A good exercise here is to describe a "text book case" of your favourite abstraction in concrete terms (using no abstract terminology). Then show it to one of your colleagues and see if they "get it". Throughout this process be on the lookout for lacunae (holes) in your language. Whenever you are at a loss for words, make an attempt to find them. Go looking for the phrases and constructions you need to illustrate your ideas. These will become elements of your style. It is a matter of building up a language that is able to articulate the rich texture of the research experience, not merely to trace the rough outline of its results.

Thursday, April 07, 2005

A Dead Metaphor: Notes on Grammatical Correctness

I'm reading Harry Blamires' Compose Yourself these days, which is well worth having a look at. I will return to it again to indicate why I think you should read it. Here I want to take up an aspect of it that is more likely to put you off.

Like most books on "good English" it sketches a very conservative looking project, which begins by observing the "increasing faultiness [of] English usage" (p. 2). He goes on to talk about incorrect usage in terms of the "damage" it does, the "decay" (and "decomposition") of usage. "We live," he tells us, "in a verbally infected environment" (p. 5).

This line is not new. Grammarians have long complained that "ordinary" or "popular" usage (and Blamires draws his introductory examples primarily from the media) is somehow flawed. The very durability of this complaint indicates that decay may not be the problem Blamires thinks it. If English had really been in decay as long as its grammarians have been complaining about it, it would have disappeared long ago. Sticking to the biological metaphor he invokes, describing usage as "a decaying mass of squalid remains" (p. 7), we might see in this squalor the hope that a biologist would. You can't have a rose garden without some dirt, even some compost. Out of that decay will come the nutrients of new usage, new forms of expression.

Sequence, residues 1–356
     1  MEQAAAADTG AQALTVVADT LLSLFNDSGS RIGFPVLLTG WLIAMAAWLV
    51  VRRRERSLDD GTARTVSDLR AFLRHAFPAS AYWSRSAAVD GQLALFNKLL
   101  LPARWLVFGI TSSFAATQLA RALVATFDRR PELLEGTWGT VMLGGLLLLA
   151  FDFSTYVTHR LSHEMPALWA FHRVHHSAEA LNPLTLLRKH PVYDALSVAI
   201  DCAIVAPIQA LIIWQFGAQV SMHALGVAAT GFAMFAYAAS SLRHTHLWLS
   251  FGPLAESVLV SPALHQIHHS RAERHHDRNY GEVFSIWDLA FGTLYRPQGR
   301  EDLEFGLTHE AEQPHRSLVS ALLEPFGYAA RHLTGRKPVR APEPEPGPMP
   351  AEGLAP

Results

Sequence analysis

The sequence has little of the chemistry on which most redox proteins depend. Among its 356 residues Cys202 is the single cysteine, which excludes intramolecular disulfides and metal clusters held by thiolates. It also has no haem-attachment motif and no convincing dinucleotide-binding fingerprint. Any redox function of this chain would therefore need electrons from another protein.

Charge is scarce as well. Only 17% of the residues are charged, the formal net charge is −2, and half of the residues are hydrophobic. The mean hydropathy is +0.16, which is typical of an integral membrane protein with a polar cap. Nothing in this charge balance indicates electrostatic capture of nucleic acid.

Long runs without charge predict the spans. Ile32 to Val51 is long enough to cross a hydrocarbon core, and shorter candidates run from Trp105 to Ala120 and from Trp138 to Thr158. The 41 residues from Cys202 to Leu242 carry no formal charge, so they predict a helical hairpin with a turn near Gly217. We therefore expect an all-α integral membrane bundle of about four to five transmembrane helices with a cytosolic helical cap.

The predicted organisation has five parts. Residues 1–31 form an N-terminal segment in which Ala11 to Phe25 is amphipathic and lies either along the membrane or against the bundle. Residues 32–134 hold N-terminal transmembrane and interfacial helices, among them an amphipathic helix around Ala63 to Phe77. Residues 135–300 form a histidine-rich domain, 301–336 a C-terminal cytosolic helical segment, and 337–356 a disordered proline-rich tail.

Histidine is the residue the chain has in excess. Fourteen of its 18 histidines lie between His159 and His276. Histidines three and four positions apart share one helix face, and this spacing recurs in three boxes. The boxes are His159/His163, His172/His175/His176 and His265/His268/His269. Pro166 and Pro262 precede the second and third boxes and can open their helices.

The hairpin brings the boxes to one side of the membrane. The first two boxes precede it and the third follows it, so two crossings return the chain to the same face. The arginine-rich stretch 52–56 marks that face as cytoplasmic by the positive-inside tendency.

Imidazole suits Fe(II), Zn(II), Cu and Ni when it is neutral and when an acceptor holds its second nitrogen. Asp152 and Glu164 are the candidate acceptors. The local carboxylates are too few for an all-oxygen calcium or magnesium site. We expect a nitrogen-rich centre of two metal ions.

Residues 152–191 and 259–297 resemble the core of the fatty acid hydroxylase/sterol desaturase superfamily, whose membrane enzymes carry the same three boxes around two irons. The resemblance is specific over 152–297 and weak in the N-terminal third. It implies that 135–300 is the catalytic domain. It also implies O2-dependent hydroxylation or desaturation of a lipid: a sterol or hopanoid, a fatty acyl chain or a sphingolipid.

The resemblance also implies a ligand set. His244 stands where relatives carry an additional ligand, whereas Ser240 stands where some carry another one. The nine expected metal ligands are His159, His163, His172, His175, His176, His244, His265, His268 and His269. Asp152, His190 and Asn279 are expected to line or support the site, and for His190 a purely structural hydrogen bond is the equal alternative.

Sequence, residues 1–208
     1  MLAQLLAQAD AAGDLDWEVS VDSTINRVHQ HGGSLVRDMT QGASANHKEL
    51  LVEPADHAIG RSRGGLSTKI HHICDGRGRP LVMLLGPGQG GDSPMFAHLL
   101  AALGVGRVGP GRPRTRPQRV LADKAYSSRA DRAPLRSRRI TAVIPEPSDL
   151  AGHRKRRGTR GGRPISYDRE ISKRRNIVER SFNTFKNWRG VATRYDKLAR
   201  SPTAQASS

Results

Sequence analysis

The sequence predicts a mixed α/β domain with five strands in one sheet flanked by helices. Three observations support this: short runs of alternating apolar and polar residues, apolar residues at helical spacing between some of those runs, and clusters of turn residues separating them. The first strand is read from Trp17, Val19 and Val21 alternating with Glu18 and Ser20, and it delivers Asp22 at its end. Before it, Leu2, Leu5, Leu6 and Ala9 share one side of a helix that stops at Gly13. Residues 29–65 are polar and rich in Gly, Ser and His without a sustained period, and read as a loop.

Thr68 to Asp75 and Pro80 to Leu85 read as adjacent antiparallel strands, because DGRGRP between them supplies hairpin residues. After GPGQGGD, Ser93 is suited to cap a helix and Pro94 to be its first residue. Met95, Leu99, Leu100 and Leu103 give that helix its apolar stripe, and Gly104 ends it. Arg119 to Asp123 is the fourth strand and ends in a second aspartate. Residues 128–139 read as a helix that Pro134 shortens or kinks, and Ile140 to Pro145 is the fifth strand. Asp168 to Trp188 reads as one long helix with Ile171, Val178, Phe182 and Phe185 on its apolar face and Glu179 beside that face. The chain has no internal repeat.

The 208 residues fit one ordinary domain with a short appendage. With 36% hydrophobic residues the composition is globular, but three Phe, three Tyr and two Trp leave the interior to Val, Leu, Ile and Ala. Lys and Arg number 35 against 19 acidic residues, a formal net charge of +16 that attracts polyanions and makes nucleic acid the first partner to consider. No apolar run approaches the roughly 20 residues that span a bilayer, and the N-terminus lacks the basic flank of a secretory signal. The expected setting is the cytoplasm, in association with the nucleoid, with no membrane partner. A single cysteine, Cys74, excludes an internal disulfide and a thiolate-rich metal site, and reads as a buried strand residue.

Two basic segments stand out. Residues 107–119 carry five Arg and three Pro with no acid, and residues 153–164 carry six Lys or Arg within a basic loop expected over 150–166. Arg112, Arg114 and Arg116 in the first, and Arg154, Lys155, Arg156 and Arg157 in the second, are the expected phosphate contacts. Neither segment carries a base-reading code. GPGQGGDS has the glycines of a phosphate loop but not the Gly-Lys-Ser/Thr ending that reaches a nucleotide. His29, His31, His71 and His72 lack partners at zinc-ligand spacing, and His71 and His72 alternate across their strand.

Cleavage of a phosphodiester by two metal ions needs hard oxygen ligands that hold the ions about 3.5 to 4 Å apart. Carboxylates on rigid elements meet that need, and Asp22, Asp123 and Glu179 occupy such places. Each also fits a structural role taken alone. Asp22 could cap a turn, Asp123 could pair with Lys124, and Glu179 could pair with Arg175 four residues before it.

Wittgenstein pointed out that language is rooted in our forms of life and that these change. But language is not, as we grammarians so often would have you believe, a matter of life and death for something we call "civilization and culture" (p. 7). It is a matter of life and death and rot and life and. . .

We are dealing with a "life cycle", one might say. I suppose I'm suggesting a more cheerful view of the matter. Let your metaphors die and decompose and then see what new forms of life emerge from the ooze.

I say this because the vitality of language--which is something that needs to be encouraged, defended and fostered, make no mistake about it--is not served by the idea that there exists some fundamental species of "correctness" that grammarians are the arbiters of. Rather, there is a continual process of "correction", i.e., a reading that passes through a text and prunes it, letting pieces fall lifelessly but not without dignity to the ground in order to contribute to the soil (the language).

Wittgenstein said that philosophy is not a body of doctrine, but an activity. Likewise, proper usage (grammar in a broad sense) is not a code of rules but a practice, a craft. English composition is a bit like gardening. And we should not allow ourselves to stick only to off the shelf fertilizers (style manuals and writing courses). We must engage in the continual cycle of composition and decomposition, writing and correction. We must risk the editorial experience.